Responding to

“Happiness is not the absence of problems,
it’s the ability to deal with them.”
 Steve Maraboli
At each year's end, I typically take some time to reflect on the past year and set some intentions for the year to come. Some years, I've written down my intentions so that I can occasionally remind myself of my hopes and goals during the year. While my practice won't change with the close of 2020, the intensity of the year has left me far more exhausted and a bit more rattled than previous years.

For one thing, how do I make sense of the year's events? When I stop to consider the magnitude of change that has occurred in my life and the lives of everyone around me, I'm overwhelmed. From the fear I felt in March, to the anxiety that gripped me on my first trip to the grocery store, to the sense of helplessness I experienced with increasing infections during the fall, I feel as if I've been on an unending rollercoaster ride. And I don't especially enjoy rollercoaster rides.

So, where to start?

I usually find that it helps if I focus on things I've learned (or re-learned) during the year so that I can ground my next year's intentions in something that feels relatively meaningful and on-point. And the first thing that comes to mind, something I've said many times, both in this weekly email and elsewhere, is take nothing for granted. Home, good health, family, friendships, food on my table, steady income . . . I've seen how quickly and easily they can slip away.

Something else I find myself reflecting on is the importance of relationships. This past year I've watched Bob as he's reconnected with cousins with whom he's had no contact in forty years. These are cousins who lived next door as he was growing up and, through a variety of circumstances, with whom he'd lost touch. They have children now, and some have grandchildren. They live everywhere from the east coast to the west coast. They get together each week and have a Zoom family conversation. It has brought him delight and a new level of connectedness. The lock-down has reminded me of the value of human connection not only for support, but also the laughter and sense of belonging that comes with it. If anything, the pandemic has reminded me to slow down, show gratitude, and cultivate the relationships in my life.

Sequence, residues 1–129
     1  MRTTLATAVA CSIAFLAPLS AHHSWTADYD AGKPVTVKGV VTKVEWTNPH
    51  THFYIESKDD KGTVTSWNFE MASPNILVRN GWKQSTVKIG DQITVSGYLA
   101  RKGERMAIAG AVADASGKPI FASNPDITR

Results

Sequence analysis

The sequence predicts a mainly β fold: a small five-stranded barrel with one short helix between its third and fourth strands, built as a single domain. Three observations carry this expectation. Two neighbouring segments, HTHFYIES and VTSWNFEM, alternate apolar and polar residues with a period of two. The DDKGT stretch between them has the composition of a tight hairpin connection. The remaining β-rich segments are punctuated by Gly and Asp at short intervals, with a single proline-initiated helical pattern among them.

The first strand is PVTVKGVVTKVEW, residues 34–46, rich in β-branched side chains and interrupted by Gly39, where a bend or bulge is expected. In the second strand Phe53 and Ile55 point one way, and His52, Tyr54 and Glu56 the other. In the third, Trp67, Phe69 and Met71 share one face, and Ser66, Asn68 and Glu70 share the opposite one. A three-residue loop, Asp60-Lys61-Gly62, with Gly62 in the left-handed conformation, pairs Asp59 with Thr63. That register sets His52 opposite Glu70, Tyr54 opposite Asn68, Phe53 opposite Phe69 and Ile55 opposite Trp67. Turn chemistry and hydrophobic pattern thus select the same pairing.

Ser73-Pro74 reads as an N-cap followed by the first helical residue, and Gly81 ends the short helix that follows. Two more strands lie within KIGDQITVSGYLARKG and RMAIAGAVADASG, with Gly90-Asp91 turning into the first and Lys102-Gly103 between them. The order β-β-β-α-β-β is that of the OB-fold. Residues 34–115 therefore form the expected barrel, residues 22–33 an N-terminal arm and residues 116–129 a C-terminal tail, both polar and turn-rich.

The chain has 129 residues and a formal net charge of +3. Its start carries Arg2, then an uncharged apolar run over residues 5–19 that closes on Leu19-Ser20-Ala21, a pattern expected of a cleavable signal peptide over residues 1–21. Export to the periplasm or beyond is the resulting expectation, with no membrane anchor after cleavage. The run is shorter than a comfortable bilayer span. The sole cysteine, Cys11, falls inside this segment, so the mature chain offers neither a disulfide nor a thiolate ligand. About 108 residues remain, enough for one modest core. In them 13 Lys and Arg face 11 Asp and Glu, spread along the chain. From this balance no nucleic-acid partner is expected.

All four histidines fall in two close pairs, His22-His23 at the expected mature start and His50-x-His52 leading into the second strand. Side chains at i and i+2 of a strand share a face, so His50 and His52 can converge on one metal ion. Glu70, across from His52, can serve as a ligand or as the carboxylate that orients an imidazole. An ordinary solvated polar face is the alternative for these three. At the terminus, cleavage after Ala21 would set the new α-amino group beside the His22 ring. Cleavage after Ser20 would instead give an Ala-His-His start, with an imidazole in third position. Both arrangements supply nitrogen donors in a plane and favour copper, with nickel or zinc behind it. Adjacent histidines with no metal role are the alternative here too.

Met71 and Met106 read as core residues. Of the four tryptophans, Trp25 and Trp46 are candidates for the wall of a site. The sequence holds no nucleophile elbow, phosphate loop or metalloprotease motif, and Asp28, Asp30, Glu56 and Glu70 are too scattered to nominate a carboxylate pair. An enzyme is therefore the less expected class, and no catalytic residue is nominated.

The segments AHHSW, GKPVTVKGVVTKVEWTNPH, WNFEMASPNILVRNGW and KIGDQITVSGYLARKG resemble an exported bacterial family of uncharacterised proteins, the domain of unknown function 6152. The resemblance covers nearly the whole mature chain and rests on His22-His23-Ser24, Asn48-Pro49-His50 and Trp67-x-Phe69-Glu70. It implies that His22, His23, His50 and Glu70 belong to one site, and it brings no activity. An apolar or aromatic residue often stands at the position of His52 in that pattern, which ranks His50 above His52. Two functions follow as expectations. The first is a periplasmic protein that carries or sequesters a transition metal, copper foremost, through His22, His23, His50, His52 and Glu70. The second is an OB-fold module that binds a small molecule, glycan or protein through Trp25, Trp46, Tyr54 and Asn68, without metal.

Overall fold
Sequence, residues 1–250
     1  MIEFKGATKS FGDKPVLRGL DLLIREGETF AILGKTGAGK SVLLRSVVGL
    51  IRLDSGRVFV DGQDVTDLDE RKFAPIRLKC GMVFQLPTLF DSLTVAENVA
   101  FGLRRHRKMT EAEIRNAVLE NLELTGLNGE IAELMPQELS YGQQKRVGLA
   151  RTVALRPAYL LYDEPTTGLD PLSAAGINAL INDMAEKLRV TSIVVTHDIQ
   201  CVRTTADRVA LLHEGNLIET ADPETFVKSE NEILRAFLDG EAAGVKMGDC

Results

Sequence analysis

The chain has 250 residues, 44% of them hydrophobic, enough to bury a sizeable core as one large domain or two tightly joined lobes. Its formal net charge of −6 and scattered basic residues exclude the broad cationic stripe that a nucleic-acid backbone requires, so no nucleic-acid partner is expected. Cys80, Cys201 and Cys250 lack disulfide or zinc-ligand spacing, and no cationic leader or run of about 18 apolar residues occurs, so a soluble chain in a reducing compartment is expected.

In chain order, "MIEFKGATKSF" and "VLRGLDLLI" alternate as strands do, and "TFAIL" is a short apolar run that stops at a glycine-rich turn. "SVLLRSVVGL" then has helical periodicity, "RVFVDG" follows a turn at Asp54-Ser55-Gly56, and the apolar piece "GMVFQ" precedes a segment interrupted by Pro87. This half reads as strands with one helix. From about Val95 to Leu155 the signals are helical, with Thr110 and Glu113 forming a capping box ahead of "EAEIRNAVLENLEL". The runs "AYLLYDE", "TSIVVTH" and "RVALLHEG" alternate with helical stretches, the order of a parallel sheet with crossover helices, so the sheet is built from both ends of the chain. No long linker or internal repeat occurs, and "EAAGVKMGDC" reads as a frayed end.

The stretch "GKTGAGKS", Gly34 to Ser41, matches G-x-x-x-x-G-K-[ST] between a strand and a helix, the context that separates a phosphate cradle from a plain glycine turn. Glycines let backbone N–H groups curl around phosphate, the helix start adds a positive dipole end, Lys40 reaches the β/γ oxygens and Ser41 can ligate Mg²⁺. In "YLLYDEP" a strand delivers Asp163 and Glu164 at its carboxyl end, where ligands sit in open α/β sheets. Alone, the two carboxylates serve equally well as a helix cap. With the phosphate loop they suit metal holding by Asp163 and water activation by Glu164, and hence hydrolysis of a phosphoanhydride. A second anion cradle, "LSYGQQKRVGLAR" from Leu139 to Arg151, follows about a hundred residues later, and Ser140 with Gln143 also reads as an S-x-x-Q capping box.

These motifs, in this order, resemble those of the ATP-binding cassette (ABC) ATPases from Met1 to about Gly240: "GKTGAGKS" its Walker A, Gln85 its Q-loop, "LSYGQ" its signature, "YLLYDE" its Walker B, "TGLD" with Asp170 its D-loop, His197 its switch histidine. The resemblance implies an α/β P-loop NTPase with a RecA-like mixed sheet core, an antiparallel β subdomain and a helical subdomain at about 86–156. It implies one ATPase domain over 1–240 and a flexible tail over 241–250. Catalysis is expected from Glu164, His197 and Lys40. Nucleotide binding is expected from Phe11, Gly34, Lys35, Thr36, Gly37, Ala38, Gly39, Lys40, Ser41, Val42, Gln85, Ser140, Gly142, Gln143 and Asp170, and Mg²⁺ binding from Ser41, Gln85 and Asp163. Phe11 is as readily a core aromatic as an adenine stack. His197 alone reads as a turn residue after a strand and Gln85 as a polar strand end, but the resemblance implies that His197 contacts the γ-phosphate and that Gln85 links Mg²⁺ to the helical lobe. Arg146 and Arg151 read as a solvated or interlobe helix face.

Small acts of kindness matter. Kitchen Angels volunteers know the value of giving freely of themselves. While some people have retreated into fear and anger, I've also noticed the kindnesses many people have shown. For example, small things like taking a moment to say thank you, or phoning someone just for a chat, or offering to buy groceries for a neighbor who's unable to get out, are extraordinarily important. I've also noticed that many people seem to have slowed down, with less rushed conversations and a bit more listening. I hope that this sense of coming together in adversity continues when life eventually gets a reboot.

Finally, I mentioned it before and I think it bears repeating - remember to express gratitude. In the rush of day-to-day living, we sometimes forget to say "thank you." It's easy to fall into the trap of spending much of our time and energy pursuing the stuff we don't have. Gratitude reverses our priorities and helps us appreciate the people in our lives, the things we have, and the activities we're fortunate enough to pursue.
Dennis Overbye put things into perspective for me in a recent opinion piece titled This Solstice, Solace for the Darkness. He writes, "In blithe disregard for the activities of the Electoral College and everything else that humans were engaged in, the sun and the moon last week lined up in a perfect cue-ball shot to produce a total solar eclipse. The moon’s shadow slid across Argentina and Chile, and the majestic but shy mandala known as the solar corona revealed itself to crowds who had braved rain and fog in anticipation of the sight." He also pointed out other celestial events such as the Geminid meteor shower and the grand conjunction of Jupiter and Saturn.

The point of his piece is that any meaning we might search for in events (celestial or terrestrial) is essentially up to each of us to determine. The cosmos takes no notice of us or our planet. There is no universal meaning, just what we apply to help us make sense of things. In fact, the universe doesn't particularly care what we do.

He goes on to say, "In a few billion years the sun will engulf and destroy us. None of us will be remembered."

Some might find his view depressing. I don't. It's simply a reminder to stay present, pay attention to what's going on around us, and to act with as much integrity as we can muster. He concludes with, "Odds are, whoever or whatever lives out there will never know that we were here at all, nor will we know them. But we know who we are. We know that we are alive now. We know whom we loved and whom we lost. Maybe that’s enough to ask of any universe."

And so, I come back to my original thought about what I've (re)learned as a result of having lived through the events of this past year . . . take nothing for granted.

Things won't magically resolve once we flip the calendar to 2021. We still have a slow, steady slog through winter ahead of us and the anger, fear, and grief that many people experienced this year won't simply disappear. But I will feel a bit of relief once the new year arrives. January 1 is an annual opportunity to start anew and make better choices based on the wisdom acquired during the previous year.

I hope we decide to make the most of the opportunity.

Please, continue to do everything you can to keep yourself and others as safe and as healthy as possible. And of course, happy new year.

In gratitude,
Thank you for your vigilance. We want you to stay safe,
healthy, and informed.